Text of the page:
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Fair tax rates will end Phu My Hung dispute: gov’t advisor   2009-12-07 - Thanh Nien

Land use taxes need to be revised to resolve the ongoing dispute between homeowners and developers in Ho Chi Minh City’s Phu My Hung residential area once and for all, a government advisor has said.



The dispute has revolved around who should pay land use taxes, but the real problem is whether the tax rates are reasonable, Dang Hung Vo, senior advisor to the Ministry of Natural Resources and Environment, told Thanh Nien in a recent interview.

“It’s stated in the contracts that home buyers have to pay the land use taxes,” Vo said. “This mechanism had been accepted by both sides for a long time until the recent dispute.”

The dispute broke out early October this year when hundreds of Phu My Hung homeowners in District 7 complained they were being asked to pay land use taxes worth as much as the value of a house as a requirement for getting land use and house titles from the authorities.

They said they felt cheated as they thought they’d already paid land use taxes to the developer, Phu My Hung Corp., when buying the houses.

The homeowners also said it was the fault of the developer who’d failed to give them the titles several years ago when they purchased the property, when land values, and hence land use taxes, were much lower.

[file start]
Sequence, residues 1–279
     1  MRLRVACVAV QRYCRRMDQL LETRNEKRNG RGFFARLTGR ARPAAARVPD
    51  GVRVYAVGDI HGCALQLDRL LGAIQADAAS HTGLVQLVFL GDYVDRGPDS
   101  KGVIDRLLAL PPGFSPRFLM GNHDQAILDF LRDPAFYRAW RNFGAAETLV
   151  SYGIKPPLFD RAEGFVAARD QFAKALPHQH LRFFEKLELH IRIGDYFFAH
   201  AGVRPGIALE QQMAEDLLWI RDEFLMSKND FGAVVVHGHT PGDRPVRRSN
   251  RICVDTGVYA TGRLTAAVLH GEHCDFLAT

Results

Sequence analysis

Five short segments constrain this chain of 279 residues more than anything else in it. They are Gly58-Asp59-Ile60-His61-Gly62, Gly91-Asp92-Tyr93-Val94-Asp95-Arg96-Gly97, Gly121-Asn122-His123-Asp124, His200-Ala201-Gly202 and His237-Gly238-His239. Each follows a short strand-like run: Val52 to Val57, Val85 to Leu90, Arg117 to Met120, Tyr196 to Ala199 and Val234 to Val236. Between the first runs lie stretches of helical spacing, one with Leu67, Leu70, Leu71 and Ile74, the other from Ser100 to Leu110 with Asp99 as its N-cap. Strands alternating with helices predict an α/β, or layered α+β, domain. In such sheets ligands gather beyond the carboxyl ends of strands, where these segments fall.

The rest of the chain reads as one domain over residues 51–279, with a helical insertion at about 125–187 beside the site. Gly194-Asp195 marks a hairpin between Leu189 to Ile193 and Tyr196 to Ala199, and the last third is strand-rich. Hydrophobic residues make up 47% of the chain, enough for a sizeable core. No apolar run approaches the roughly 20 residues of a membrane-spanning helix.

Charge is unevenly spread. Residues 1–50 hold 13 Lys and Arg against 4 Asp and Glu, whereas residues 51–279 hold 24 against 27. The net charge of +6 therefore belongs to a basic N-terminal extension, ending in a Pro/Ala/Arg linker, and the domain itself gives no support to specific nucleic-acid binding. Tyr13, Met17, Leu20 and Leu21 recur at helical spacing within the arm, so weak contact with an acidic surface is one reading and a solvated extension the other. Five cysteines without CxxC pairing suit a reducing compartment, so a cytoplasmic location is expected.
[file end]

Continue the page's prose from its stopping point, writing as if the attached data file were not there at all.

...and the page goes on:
Land use taxes in Ho Chi Minh City are calculated by land valuations set by the city administration and the values have typically increased every year. Property valuations this year in Phu My Hung, one of the fastest growing residential areas in the city, have doubled from a year ago.

Vo said at some places the tax rates were VND12 million per square meter versus VND6 million in 2008 and VND3 million in 2007.

The question is whether the rates are reasonable, he said.

“Land values in Phu My Hung increase every year on improved infrastructure built by both the developer and the city government,” Vo said.

“To solve the problem, it is necessary to calculate exactly how much the developer and the city have contributed to the increase in value with their infrastructure (construction). Then the city should only levy land use taxes in accordance with what it has invested.

“If the land use taxes also cover infrastructure built by the developers by themselves, it means homeowners are being asked to pay twice for the same added value,” Vo said.

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